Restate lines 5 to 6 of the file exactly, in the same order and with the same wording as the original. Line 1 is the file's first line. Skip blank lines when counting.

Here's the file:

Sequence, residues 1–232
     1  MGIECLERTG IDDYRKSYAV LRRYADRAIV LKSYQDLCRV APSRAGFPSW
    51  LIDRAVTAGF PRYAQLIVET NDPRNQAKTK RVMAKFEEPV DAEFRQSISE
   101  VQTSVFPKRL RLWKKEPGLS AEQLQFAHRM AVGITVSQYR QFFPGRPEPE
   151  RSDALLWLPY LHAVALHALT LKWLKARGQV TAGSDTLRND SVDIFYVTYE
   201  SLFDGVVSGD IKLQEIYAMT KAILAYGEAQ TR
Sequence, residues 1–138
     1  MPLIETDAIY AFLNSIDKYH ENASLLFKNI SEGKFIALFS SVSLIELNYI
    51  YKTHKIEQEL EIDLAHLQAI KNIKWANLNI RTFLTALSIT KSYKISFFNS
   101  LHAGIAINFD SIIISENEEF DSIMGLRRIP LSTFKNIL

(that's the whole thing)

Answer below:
   151  RSDALLWLPY LHAVALHALT LKWLKARGQV TAGSDTLRND SVDIFYVTYE
   201  SLFDGVVSGD IKLQEIYAMT KAILAYGEAQ TR